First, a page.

As the eldest sister discovers the truth about the youngest sister vanishing, she is losing another sister. This is how it goes most of the time. By knowing the truth about the person who is not there, you may start hating the person who is there for you.
The father does not have the truth, but she got her daughter back in the form of a homeless girl.
Truth makes the sister lose her sister, and a lack of truth makes the father a father again.
In the third case, the truth is a lie. It is never coming out. Nevertheless, the consequences are there, and lie has already destroyed life.
Sister kills the sister’s husband and blames it on the sister. Sister accepts the blame feeling guilty and all. The love is too great, and the things we do for it are much harsh.
A sister is killing the sister to make her silent, jealousy and illusion motivating her to do stupid things.
Long-term effects on the characters are as harmful as short-term effects.
Depression, suicidal ideation, giving up, tired, exhausted lifestyle, suicide attempts, taking suicide attempts lightly, illusions, hallucinations, murder attempts, conspiracies, destroying their own life, rejecting love, begging for attention, lying for love, and being ready to die are all in the stories.
Frankly speaking, not knowing seems much better, but I would overthink myself to baldness.
Who is Brodie?
The book also dives into the past of Brodie and shows up the case history 4. The case directly involves Brodie.
His sister was raped and murdered. Brother does suicide.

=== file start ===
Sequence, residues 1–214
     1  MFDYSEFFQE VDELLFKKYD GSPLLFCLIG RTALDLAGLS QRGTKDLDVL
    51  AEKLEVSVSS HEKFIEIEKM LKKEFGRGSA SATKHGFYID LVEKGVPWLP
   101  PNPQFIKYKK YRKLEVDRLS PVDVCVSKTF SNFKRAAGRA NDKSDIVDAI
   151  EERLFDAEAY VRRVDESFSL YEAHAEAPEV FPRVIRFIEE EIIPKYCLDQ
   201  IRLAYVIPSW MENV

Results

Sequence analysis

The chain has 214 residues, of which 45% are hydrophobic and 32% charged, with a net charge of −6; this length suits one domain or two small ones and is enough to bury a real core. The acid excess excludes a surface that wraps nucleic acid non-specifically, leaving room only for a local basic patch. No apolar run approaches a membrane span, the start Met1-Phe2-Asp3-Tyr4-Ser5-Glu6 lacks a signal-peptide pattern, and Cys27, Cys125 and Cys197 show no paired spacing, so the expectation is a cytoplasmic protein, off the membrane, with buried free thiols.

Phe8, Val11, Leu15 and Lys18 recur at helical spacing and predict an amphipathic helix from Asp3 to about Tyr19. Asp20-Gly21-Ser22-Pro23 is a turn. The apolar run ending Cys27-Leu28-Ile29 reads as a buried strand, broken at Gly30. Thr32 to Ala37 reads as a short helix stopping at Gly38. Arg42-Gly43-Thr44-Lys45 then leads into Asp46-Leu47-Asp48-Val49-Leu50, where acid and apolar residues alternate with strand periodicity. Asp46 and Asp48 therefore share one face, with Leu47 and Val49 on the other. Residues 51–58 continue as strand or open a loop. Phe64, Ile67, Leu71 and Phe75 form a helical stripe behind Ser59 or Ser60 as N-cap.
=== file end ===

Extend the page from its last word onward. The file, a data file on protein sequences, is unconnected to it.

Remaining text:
This is enough to have hard childhood, but he will also join the military. Joining the military by the sad kids is a thing, I guess. Because this protagonist eventually becomes hard and depressed, which is perfect for detective stories.
As we learned more about Brodie, we can understand the reasons behind his dejected presence. However, there is some time in the middle of childhood and middle age where he was young and violent.
His friends and some past mentions glimpse towards the sociopathic personality. However, he is the result of all the things he did and what happened to him.
More character depth for future novels. Maybe I will try to give one more chance to the One Good Turn.
Always amaze me.
You cannot get a straight narration out of Kate Atkinson with the revolver on her head. All the turns and twists have to be so amalgamated within the characters that the book feels referencing itself.
But is not memories like that. Never in a straight line, but blob here and there.
That’s how the book goes. Characters are telling from their memories that is not proper and often misleading.
Do I recommend Case Histories by Kate Atkinson?
I recommend all the books by Kate Atkinson.
If you are looking for detective novels that are more than detective novels and show descriptive backstories of characters involved, Jackson Brodie is good to go.
Case Histories implores the effect of obsessions we made when we were kids and how they affect our entire life.
One wrong turn, One lie, One obsession — everything goes to mess.